Methane emissions from fossil fuel production and use must be cut quickly if we want to meet the world’s climate goals, say the International Energy Agency (IEA), the United Nations Environment Programme (UNEP) and the UNEP-convened Climate and Clean Air Coalition (CCAC) in a new report. To do this, we must further develop methane-emissions monitoring methods.
The new report, The Imperative of Cutting Methane from Fossil Fuels, released on 11 October 2023, is a loud wake-up call for all of us. If we want to limit global warming to 1.5°C, decisive, far-reaching efforts to cut methane emissions from fossil fuel production and use must go hand-in-hand with decarbonising our energy systems. The report shows that, while a decrease in fossil fuel demand would cut methane emissions, those reductions would not occur quickly enough to meet the global climate goals. Additional targeted actions to tackle methane emissions from fossil fuel production and use – such as eliminating routine venting and flaring and repairing leaks – are essential to limiting warming to 1.5°C and, even more importantly, reducing the risk of crossing irreversible climate tipping points.
Methane (CH₄) has more than 80 times the warming power of carbon dioxide (CO₂) over the first 20 years after it reaches the atmosphere. Methane is a potent greenhouse gas responsible for around 30% of the rise in global temperatures since the Industrial Revolution. Rapid cuts in methane emissions from fossil fuels could avoid up to 0.1°C increase in global temperatures by the middle of this century. That reduction would be larger than the emissions impact of immediately taking all cars and trucks off the road across the entire globe.
Methane contributes to more than just global warming. It also increases ground-level ozone pollution causing, among other things, premature deaths.
OGMP 2.0 has improved reporting
As the three organisations state, appropriate regulatory frameworks are needed, as is a dramatic ramp-up in investment in measures to mitigate methane emissions from fossil fuel production.
We have been glad to see that several companies and regulators have already taken necessary steps in the right direction. For instance, one of the critical steps in mitigating methane emissions is to track and monitor leaks, and we are currently benefitting from new reporting tools and standards not available a decade ago.
The Oil & Gas Methane Partnership 2.0 (OGMP 2.0) is a comprehensive, measurement-based reporting framework for the oil and gas industry that has already improved our understanding of methane emissions around the globe. The OGMP 2.0 improves the accuracy and transparency of oil and gas organisations’ methane emissions reports. Owing to the increased awareness and better understanding of the science of methane’s environmental impacts, the OGMP invites companies to ameliorate the quantity and quality of fugitive emissions data voluntarily.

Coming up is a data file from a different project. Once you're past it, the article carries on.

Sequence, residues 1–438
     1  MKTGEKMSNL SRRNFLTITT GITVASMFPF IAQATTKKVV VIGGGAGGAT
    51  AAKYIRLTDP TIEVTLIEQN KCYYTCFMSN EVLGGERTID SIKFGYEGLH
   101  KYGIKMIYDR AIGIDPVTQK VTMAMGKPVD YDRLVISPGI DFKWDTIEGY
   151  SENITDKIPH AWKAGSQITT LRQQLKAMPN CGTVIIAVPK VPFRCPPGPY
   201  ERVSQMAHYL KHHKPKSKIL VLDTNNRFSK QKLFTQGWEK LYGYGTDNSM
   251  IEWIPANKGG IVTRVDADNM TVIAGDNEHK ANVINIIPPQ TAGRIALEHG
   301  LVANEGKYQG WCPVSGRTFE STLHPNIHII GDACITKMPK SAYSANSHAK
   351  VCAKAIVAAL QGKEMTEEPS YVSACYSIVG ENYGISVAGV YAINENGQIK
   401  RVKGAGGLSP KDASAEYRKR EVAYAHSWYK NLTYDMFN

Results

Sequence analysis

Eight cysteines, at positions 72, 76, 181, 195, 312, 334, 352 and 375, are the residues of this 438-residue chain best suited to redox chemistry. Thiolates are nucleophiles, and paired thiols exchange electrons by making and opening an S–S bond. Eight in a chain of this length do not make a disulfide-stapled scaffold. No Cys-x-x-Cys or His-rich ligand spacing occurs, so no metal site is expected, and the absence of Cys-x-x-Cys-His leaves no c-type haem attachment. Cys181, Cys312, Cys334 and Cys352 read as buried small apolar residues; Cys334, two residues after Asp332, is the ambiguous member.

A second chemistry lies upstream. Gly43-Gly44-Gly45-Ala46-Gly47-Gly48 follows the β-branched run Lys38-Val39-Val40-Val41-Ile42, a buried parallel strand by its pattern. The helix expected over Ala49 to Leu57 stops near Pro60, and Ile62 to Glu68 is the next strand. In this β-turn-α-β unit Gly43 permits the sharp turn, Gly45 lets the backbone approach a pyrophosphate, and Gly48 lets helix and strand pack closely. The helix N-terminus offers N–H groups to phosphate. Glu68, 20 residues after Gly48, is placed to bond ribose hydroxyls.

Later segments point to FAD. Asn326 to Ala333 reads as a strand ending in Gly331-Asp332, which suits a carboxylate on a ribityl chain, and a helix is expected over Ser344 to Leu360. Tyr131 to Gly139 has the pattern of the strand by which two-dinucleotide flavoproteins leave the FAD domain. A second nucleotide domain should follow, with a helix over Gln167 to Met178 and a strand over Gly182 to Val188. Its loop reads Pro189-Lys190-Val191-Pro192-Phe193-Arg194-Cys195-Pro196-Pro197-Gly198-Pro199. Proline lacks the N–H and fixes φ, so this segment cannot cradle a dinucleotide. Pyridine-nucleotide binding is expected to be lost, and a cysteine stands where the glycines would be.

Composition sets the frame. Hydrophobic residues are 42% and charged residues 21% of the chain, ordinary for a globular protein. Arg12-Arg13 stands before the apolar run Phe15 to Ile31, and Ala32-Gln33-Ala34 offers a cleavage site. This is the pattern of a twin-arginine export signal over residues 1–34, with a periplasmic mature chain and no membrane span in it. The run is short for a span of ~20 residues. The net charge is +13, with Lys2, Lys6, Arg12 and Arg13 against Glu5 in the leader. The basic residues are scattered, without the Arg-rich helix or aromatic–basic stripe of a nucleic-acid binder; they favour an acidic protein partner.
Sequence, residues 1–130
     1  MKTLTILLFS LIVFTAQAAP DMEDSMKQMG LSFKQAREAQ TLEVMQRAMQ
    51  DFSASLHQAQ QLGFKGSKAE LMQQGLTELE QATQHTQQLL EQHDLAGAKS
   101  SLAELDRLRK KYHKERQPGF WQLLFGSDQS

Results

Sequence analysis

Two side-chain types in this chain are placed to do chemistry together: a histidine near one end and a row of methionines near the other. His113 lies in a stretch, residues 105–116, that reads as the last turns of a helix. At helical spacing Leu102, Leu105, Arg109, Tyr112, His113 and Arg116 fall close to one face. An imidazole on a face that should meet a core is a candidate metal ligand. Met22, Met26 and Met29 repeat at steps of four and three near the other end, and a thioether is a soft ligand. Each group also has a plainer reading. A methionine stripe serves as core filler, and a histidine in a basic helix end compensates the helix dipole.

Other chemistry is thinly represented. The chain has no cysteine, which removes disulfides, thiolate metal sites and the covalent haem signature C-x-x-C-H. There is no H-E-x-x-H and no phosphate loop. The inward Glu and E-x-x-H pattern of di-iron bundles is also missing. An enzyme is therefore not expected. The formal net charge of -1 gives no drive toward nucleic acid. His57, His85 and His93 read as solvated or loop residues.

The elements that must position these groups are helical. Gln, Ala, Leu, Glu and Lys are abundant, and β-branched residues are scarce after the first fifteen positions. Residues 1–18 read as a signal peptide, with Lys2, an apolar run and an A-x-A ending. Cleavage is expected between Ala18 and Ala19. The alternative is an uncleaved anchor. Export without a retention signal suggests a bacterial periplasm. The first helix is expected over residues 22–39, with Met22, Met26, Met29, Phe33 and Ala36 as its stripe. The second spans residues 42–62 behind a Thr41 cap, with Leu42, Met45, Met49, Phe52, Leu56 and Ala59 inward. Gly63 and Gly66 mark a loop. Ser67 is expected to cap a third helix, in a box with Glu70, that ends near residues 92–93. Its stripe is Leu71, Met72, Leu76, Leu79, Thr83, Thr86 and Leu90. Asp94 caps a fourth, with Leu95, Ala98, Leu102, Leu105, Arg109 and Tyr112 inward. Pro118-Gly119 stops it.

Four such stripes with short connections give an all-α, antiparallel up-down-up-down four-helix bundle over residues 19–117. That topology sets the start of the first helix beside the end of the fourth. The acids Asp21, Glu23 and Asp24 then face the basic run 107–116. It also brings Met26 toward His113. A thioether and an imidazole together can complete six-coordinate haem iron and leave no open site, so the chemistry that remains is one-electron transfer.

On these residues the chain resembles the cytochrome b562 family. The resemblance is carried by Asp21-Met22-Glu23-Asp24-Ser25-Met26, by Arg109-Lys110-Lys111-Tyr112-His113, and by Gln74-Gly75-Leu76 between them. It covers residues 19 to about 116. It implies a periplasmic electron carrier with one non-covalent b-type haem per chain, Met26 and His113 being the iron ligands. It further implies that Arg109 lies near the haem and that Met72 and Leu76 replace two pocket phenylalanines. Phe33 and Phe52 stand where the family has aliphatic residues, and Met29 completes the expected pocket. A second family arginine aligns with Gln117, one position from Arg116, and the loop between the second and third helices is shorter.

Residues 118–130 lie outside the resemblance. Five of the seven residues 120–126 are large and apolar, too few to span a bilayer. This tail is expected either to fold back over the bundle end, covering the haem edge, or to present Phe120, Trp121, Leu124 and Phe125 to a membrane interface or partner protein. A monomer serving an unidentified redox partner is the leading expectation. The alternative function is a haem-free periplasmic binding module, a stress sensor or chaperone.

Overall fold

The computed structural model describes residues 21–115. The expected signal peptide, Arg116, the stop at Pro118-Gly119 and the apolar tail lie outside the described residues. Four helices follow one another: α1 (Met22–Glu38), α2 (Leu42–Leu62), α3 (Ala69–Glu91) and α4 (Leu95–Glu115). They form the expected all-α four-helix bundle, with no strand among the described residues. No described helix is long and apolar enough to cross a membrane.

Over 80 companies have committed to the OGMP 2.0 framework and joined the multi-stakeholder initiative launched by the UNEP and the CCAC. Some of the largest energy companies have joined the OGMP 2.0 initiative. This partnership also links regulators and civil society groups to the oil and gas industry. For instance, the European Commission is a non-company member of the OGMP, and the OGMP 2.0 serves as the basis for the European Commission’s proposal for new methane regulations. In addition to major oil and gas production companies, operators of natural gas transmission and distribution pipelines, gas storage facilities and LNG terminals are also OGMP 2.0 members.
We need more detailed rules and education
However, there are still clear challenges to implementing the OGMP 2.0. One of them is the lack of clarity on reconciliation. Reconciliation is the practice of comparing methane emission estimates made with different methods to confirm the results. To be more precise, it means comparing source-level, Level 4, inventories with site-level measurements to produce Level 5 asset emissions.
According to the OGMP guideline, reconciliation has been achieved when each of your methods is within the uncertainty bandwidth of the other method. However, this is not enough. If one of the methods has substantial uncertainty, almost any result from another method can be considered sufficient for reconciliation. This standard is too lax as it permits measurements that do not really help us cut emissions. We need more detailed guidelines that help companies understand what is truly necessary to get meaningful results. Rigorous guidelines would also prevent companies from earning savings from investing in measurements that technically fulfil regulatory requirements but in reality do not provide an adequate understanding of emission reductions.
We also need more education about the OGMP 2.0 framework and regulations in the EU and the United States. The framework and regulations are relatively new, and when talking with representatives of different companies, we hear that many companies do not yet know what is expected from them when monitoring emissions using new methods. Smaller fossil fuel companies especially often may not have enough experts available to learn what is expected from them.
Focus on oil and gas operations
There are good reasons to pay attention to the fossil fuel industry. According to the IEA, UNEP and CCAC, more than 75% of methane emissions from oil and gas operations and half of the emissions from coal today can be abated with existing technology, often at low cost. The oil and gas sector has the most significant share of ready-to-implement and cost-effective technical opportunities to reduce methane emissions.
The costs are also reasonable. The organisations estimate that the total spending required to deploy all available methane mitigation strategies in the oil and gas sector through 2030 is less than 2% of the industry’s net income in 2022.